Risk is a combination of two factors: toxicity and exposure. If there is a bucket of very hazardous waste, but it's locked in a room where no one will ever be exposed to it, risk is low. Similarly, something like water is not toxic at all, so even at high exposure it has minimal risk.
EPA has set a chronic lifetime health advisory for drinking water of 70 parts per trillion, the level at which EPA has determined regular exposure over human life is unhealthy. OHA has developed its own health advisory levels for PFAS in drinking water that are lower than EPA's.
Not all types of PFAS have known health implications. The 2013-2015 analysis of all major public drinking water systems and some small systems tested for six types of PFAS. These six types are the ones for which there is established testing methodology and that have known harmful health impacts if a person is regularly exposed to them over the course of a lifetime. However, these six PFAS are a small subset of the 172 PFAS compounds that EPA now requires selected industries to report under the Toxics Release Inventory program, most of which do not yet have available toxicity information or testing methodologies. It's an even smaller subset of the 7,000+ known PFAS compounds.
DEQ will continue to work with EPA, OHA and other agencies to evaluate other PFAS screening tools to gain a more comprehensive understanding of potential PFAS risks in Oregon. Research has shown that many newer “short-chain" PFAS, which have been deemed safer than the older “long-chain" PFAS, can transform into the more toxic and persistent forms of PFAS in the environment, or through manufacturing processes or combustion. These scientific realities make managing PFAS as a class, rather than on a chemical-by-chemical basis, a more effective and efficient approach for reducing PFAS risks and impacts.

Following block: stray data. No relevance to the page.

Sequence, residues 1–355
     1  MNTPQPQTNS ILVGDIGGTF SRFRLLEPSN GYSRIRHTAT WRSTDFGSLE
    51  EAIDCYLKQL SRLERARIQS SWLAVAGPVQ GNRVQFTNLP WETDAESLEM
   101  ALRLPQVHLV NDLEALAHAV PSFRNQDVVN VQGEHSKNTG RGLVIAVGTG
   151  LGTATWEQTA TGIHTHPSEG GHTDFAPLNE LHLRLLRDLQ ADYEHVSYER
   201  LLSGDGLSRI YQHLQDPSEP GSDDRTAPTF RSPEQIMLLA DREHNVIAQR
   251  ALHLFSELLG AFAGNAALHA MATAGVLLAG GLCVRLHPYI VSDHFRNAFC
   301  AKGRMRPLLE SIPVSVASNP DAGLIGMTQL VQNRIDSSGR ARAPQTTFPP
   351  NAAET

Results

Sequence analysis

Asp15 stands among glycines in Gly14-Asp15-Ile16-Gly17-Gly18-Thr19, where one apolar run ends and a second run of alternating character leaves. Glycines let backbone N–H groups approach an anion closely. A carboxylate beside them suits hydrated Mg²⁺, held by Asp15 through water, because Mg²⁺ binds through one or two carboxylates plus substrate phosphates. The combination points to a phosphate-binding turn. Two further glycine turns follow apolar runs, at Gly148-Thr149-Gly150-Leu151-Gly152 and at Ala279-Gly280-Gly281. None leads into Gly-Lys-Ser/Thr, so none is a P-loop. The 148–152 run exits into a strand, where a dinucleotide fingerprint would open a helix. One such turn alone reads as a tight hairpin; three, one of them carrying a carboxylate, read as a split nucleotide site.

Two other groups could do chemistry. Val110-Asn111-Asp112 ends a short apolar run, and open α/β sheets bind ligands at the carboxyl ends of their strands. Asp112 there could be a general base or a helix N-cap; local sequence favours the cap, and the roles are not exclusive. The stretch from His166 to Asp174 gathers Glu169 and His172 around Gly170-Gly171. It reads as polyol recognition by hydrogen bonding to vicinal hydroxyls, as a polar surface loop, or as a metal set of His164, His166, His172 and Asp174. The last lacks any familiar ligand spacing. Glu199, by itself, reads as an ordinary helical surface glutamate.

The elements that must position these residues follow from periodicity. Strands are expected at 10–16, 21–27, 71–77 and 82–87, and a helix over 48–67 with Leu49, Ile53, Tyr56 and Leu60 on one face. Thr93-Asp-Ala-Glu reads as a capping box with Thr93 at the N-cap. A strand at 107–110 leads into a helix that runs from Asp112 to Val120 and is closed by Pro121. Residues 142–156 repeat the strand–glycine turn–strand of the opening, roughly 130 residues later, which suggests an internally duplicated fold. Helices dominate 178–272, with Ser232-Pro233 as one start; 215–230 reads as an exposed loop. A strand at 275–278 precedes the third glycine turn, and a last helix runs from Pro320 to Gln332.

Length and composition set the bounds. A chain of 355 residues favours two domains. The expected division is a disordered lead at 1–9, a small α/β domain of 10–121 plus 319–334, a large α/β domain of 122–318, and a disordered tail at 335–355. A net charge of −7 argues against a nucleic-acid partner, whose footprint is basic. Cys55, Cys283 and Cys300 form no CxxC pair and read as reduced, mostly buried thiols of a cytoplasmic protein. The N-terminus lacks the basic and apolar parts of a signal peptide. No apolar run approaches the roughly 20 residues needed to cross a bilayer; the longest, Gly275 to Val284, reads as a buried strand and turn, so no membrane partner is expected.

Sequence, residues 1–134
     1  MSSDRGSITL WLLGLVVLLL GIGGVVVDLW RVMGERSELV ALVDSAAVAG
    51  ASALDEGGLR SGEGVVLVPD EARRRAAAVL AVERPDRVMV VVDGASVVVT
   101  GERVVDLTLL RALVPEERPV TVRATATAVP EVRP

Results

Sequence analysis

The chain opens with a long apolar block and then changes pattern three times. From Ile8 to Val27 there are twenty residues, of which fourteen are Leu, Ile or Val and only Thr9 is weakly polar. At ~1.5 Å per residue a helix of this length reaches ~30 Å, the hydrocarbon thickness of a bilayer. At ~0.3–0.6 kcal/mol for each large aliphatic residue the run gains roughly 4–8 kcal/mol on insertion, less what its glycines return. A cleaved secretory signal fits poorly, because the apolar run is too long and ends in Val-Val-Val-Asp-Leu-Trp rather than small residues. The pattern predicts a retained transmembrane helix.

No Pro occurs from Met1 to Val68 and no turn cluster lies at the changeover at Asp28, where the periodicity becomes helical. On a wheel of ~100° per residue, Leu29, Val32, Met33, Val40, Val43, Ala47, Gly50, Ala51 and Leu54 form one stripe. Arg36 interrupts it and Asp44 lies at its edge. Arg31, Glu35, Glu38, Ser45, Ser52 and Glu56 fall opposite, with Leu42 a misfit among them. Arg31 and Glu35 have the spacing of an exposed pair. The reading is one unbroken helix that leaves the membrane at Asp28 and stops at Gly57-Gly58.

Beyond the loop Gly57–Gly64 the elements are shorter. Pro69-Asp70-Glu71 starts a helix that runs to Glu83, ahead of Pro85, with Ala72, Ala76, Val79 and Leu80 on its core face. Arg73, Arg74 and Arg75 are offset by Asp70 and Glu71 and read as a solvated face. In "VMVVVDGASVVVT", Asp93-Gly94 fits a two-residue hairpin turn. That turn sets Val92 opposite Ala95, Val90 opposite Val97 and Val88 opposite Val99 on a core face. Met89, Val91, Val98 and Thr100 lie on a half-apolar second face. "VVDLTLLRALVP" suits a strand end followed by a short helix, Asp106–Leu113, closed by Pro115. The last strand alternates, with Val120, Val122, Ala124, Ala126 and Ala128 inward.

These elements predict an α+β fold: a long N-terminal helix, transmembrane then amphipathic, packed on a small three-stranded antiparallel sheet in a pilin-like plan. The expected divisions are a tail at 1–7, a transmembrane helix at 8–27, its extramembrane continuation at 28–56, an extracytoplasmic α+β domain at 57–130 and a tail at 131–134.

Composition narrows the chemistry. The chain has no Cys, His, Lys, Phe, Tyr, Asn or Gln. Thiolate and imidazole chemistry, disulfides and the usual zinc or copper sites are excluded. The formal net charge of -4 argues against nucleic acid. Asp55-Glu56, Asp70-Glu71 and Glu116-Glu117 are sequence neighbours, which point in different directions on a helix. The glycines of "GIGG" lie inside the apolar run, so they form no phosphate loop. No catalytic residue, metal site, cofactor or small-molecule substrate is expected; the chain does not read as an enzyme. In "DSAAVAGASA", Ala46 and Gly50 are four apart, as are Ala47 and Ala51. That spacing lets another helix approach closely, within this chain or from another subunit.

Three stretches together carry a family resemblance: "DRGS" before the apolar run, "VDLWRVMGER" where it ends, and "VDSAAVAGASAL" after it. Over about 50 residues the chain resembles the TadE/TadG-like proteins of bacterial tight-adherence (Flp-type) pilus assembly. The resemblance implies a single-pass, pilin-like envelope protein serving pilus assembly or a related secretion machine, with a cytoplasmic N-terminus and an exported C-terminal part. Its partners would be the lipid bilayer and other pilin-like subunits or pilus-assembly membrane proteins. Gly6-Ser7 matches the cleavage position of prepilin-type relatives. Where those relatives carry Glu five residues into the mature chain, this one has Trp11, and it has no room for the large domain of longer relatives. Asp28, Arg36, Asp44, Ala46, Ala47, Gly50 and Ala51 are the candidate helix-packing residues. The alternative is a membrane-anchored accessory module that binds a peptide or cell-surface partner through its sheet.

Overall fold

DEQ is continuing to investigate whether there are other ways humans are being exposed that could be monitored or controlled through existing DEQ programs. As more scientific research is produced on PFAS, risk determinations in Oregon may change over time.
According to the Agency for Toxic Substances and Disease Registry, the potential for health effects from PFAS in humans is not well understood. Some types of PFAS, such as PFOS, PFOA, PFHxS and PFNA, have generally been studied more extensively than other forms of PFAS. In general, studies have found that animals regularly exposed to PFAS at high levels resulted in changes in the function of the liver, thyroid, pancreas and hormone levels.